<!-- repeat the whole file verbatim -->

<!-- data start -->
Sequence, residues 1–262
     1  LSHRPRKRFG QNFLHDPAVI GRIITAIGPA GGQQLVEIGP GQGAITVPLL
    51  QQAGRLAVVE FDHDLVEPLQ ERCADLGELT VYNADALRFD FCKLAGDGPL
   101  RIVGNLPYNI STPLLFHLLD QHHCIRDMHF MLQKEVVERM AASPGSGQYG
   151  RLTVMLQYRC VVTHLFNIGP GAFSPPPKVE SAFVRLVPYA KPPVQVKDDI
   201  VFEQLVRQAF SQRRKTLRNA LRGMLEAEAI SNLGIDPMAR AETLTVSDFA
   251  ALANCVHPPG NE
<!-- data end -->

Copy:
Sequence, residues 1–262
     1  LSHRPRKRFG QNFLHDPAVI GRIITAIGPA GGQQLVEIGP GQGAITVPLL
    51  QQAGRLAVVE FDHDLVEPLQ ERCADLGELT VYNADALRFD FCKLAGDGPL
   101  RIVGNLPYNI STPLLFHLLD QHHCIRDMHF MLQKEVVERM AASPGSGQYG
   151  RLTVMLQYRC VVTHLFNIGP GAFSPPPKVE SAFVRLVPYA KPPVQVKDDI
   201  VFEQLVRQAF SQRRKTLRNA LRGMLEAEAI SNLGIDPMAR AETLTVSDFA
   251  ALANCVHPPG NE